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  • The Last King of PolandNicholas I's Warsaw Coronation and Russian-Polish Historical Memory
  • Ekaterina Boltunova (bio)

The formal establishment of Russian rule over the Kingdom of Poland together with Emperor Alexander I's decision to grant the Poles their own Constitutional Charter in 1815 are generally recognized as the two critical developments of Russian-Polish history of the early 19th century. Far less recognized, by contrast, is the fact that these great changes were followed just a few years later by the coronation of Alexander I's brother and successor Emperor Nicholas I as king of Poland. Yet Nicholas's coronation, while all but ignored in recent histories of the Russian-Polish question, nonetheless offered a clear signal that the Russian government saw Poland's status within the empire in a special light. During the expansion of the empire over the course of the 18th century, the Russian government marked the incorporation of new territories—from the lands of the Nogai hordes to the Crimean Khanate and the Duchy of Courland—through the issuance of treaties and proclamations that were then affirmed by oaths of allegiance sworn to the Russian monarch by his or her new subjects. No Russian monarch was ever crowned as the ruler of these territories, however.

Yet this is precisely what took place in Warsaw on 12 (24) May 1829, when Nicholas assumed the crown of the king of Poland in accordance with paragraph 45 of the above-mentioned Polish Constitution, which stated: "All of Our Heirs in the Kingdom of Poland shall be crowned as Kings of Poland in the capital city in accordance with the rite which We shall establish."1 This [End Page 229] Polish coronation came three years after Nicholas's coronation as emperor of Russia in the Assumption Cathedral (Uspenskii sobor) of the Moscow Kremlin (22 August 1826). At the same time, the Warsaw event was utterly unique, given that no Russian monarch either before or after was ever crowned king of Poland, and "secondary" coronations of this sort were otherwise not part of traditional Russian practice.

It is, therefore, perhaps no surprise that the Warsaw ceremony quickly became the kind of event that everyone involved tries to forget almost as soon as it happens. Later references to the event are hard to find. None of the coronation books of subsequent emperors mention it, including that of Nicholas II, which provides the most detailed and lengthy overview of preceding coronations.2 Historians also gloss over the Warsaw ceremony, either because they see it as a matter of secondary importance or because it seems largely irrelevant to subsequent events.3 As a result, the coronation has emerged as a rare [End Page 230] moment of historical agreement for Russians and Poles: everyone, it seems, would rather forget that it ever happened. In fact, the abiding consensus in the literature as well as in popular historical memory is that the last man to be crowned king of Poland was not Nicholas I but rather Stanisław August Poniatowski. Indeed, anything pro-Polish in Russo-Polish relations in the early 19th century tends to be attributed to Alexander I, while Nicholas is largely seen as relentlessly anti-Polish, a position seemingly epitomized by his defiance of the Constitutional Charter and most notably his suppression of the November uprising of 1830–31.4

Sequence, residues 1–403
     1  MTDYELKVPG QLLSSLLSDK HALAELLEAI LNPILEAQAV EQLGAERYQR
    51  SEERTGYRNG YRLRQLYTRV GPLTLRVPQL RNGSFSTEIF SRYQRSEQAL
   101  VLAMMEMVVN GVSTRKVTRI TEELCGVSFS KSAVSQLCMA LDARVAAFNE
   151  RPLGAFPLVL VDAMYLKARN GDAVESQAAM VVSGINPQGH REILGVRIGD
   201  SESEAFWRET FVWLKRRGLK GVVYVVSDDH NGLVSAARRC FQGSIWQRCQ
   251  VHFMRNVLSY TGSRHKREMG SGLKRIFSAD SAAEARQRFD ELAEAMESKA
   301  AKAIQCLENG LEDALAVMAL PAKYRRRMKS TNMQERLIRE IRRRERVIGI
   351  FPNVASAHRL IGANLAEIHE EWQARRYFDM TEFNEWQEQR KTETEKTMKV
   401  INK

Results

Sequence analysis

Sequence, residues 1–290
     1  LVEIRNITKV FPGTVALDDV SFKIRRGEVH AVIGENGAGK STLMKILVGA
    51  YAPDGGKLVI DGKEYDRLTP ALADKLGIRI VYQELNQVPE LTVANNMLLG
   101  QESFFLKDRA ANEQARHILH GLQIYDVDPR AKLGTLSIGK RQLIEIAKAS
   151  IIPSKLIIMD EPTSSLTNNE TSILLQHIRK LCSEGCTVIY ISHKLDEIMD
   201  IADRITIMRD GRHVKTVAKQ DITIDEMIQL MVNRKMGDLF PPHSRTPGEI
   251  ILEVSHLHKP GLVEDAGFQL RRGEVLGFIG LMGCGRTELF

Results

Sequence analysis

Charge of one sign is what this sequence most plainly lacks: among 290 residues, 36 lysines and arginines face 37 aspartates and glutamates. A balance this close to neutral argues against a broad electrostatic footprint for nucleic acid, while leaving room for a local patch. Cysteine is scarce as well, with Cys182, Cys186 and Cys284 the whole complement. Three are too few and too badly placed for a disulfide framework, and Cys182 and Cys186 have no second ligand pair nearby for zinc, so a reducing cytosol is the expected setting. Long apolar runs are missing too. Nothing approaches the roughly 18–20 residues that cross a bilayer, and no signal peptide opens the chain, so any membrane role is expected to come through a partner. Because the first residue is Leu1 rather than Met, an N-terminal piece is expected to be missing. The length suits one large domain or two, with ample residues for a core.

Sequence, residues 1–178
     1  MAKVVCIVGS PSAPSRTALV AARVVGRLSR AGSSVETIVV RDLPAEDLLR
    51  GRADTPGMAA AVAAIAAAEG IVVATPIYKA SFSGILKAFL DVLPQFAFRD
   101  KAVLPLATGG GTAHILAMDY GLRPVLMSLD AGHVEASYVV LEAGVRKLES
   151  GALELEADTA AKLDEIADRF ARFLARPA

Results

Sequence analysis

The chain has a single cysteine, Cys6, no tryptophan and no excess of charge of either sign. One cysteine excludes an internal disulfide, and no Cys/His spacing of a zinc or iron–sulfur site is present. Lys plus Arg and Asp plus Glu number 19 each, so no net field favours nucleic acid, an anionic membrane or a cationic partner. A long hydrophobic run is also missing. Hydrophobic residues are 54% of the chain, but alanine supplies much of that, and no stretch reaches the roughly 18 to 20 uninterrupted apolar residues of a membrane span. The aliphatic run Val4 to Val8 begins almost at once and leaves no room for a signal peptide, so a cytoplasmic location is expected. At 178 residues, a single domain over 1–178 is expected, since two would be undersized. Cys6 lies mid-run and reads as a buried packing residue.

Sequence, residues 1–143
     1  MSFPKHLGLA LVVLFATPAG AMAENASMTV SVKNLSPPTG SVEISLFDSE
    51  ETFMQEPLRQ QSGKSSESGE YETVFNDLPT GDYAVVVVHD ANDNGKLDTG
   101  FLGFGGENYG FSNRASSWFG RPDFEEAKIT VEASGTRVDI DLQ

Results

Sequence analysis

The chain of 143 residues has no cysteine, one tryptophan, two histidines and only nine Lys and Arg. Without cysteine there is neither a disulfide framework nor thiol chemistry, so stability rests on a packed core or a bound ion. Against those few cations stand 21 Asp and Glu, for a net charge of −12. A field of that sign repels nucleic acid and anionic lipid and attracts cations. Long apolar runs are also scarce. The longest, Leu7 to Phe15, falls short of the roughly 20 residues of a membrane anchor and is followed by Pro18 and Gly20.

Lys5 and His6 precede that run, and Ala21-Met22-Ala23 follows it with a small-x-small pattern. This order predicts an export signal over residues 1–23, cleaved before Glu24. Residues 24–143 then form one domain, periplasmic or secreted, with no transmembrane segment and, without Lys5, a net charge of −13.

In this respect, the Polish coronation runs counter to the conventional image that Nicholas projected of himself both as a monarch and as a person. What could be more dissonant, after all, than the idea of a Russian emperor and Orthodox ruler being crowned king of Poland in a Polish ceremony in Warsaw? This "other" Nicholas is indeed hard to square with the rest of what we know about him, so that it is tempting to dismiss the whole event of the coronation as merely accidental, a curious but ultimately unimportant detour away from who Nicholas really was. Consequently, the question becomes: what is the best way to interpret Nicholas's understanding of and policies toward Poland? Only six months separate the coronation and the beginning of the uprising of 1830–31. The latter is traditionally seen as a reaction...


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